Abortion was instituted in Portugal in 2007, and in February 2020, Portugal’s parliament approved euthanasia for terminally ill people. Portugal now joins six other countries in sanctioning euthanasia – Belgium, Canada, Colombia, Luxembourg, the Netherlands, and Switzerland. In the United States, medically assisted suicide is permitted in which patients administer the lethal drug themselves.
The issues involved in the advancement of euthanasia are very complex. No one wants a loved one to continue suffering when eventual recovery does not seem to be possible. I have a family member who is in that situation. Prostate and Bone cancer have progressed to brain cancer, and the burden to family caregivers, the expense, and the level of pain present are all huge issues. In the progress of the disease, who would decide to administer euthanasia? The patient may not be able to make it. Family members may not want the emotional strain of making the decision, and who would trust the decision to the state? Other factors include when did the patient realize they were going to die? How important is closure for those left behind, especially children? Can doctors be wrong about a terminal diagnosis?
First Corinthians 3:16-17 tells us that the Holy Spirit dwells in us. The context of that passage and others is that God uses His children to reach out through His Spirit to help others. Paul, in Philippians 1:20-30, talks about being ready to die. He wrote, “For I am in a strait between the two, having a desire to depart and to be with Christ which is far better. Nevertheless, to abide in the flesh is more needful for you.” He talks about how he can help others and, for that reason, wants to continue to live.
One of the banners carried by protesters in Portugal says, “Euthanasia doesn’t end suffering, it ends life.” That is so very true. It isn’t the end of suffering for family, for friends, for those you have tried to teach, for those considering their own lives. In this day, there is no reason for physical suffering because medical science has ways to stop the physical pain. Ending life prematurely will generate pain for others. How long will it be after euthanasia is accepted before the state will determine who should survive and who should be euthanized?
The fundamental factor in the advancement of euthanasia centers around the value of a human being. If we consider humans to be special and created in the image of God, then human life is sacrosanct. Animal life does not have that same image of God, and survival of the fittest is in control in the animal world. If humans are just animals, then killing a human is no more of a problem than killing a bug. In that case, inconvenient or unfit humans, like all other animals, can just be eliminated. This is not a trivial issue, but one that deserves thoughtful attention.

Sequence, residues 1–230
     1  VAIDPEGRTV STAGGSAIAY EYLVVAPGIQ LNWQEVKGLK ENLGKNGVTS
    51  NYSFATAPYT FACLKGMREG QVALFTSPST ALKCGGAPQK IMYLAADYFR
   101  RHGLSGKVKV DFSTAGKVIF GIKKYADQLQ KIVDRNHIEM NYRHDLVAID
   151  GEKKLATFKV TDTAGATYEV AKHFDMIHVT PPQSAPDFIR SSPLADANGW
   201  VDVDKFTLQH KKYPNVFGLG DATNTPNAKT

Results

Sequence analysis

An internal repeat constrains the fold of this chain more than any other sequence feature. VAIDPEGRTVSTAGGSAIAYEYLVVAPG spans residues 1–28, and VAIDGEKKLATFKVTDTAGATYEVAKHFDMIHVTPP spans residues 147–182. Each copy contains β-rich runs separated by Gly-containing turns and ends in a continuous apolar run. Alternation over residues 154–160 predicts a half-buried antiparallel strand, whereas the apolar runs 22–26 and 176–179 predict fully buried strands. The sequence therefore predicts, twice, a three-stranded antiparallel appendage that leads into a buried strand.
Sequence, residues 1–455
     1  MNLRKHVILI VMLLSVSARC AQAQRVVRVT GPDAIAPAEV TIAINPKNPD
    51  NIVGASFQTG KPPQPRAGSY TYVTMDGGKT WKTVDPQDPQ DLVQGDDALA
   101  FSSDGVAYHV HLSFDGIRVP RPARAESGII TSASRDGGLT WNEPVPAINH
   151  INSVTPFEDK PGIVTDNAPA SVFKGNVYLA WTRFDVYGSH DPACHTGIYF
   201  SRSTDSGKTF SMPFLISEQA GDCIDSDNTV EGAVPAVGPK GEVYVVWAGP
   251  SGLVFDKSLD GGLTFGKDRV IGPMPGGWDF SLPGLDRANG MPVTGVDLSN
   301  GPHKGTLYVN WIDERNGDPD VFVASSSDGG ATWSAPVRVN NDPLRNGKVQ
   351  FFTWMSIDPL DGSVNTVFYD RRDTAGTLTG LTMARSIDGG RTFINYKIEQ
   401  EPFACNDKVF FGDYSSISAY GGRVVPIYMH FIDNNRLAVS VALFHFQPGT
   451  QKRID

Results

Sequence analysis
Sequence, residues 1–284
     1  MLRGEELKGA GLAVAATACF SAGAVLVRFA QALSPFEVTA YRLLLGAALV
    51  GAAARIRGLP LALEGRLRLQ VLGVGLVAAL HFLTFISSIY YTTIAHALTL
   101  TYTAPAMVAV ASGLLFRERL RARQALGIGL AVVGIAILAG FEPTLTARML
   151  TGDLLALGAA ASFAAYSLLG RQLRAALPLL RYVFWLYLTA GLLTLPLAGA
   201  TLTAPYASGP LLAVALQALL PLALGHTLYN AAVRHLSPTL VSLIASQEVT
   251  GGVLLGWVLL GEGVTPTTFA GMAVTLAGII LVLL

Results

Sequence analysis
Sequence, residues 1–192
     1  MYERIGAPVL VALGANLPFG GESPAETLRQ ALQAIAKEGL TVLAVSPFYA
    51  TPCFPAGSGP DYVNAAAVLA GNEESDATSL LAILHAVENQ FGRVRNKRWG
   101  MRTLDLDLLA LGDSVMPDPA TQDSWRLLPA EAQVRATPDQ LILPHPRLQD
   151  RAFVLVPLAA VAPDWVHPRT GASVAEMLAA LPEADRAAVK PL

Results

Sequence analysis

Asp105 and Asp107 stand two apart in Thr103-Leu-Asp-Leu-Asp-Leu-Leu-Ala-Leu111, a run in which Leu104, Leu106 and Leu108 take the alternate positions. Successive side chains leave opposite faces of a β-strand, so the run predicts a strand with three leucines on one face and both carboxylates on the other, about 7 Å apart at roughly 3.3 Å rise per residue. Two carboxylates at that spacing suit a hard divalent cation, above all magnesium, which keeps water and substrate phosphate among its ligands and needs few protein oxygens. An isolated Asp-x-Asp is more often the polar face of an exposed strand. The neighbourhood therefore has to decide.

Every Wednesday morning I take my son Tim, who is 57 years old, out for breakfast. Tim is mentally challenged, blind, and has a mild form of muscular dystrophy. He also has cerebral palsy and schizophrenia. All of this has left him wheelchair-bound and with trembles that affect his ability to hold a cup to drink. Various government programs for the disabled have supported Tim since he became of school age. Some people have told me they resent their tax money being used to prolong my son’s suffering. I regularly receive brochures from pro-euthanasia groups promoting legislation that would terminate those who have “a low quality of life.” That brings up the question, “Is it worth the price?”
I suspect that we could reduce the massive amount of government deficit spending if we euthanized everyone in a mental hospital or care facility. We could expand that to include any prisoner who will always be incarcerated. We could also add anyone who is in a vegetative state due to brain injuries or congenital problems caused by disease, injury, stroke, or inadequate care. From an atheistic standpoint, the euthanizing of all of these individuals makes sense. Putting human life on the same level as animal life would allow involuntary euthanasia. The champion of this kind of thinking is Australian Dr. Peter Singer. He is the Ira W. Decamp Professor of bioethics at Princeton University. He is also the Australian Laureate Professor of Applied Philosophy and Public Ethics at the University of Melbourne.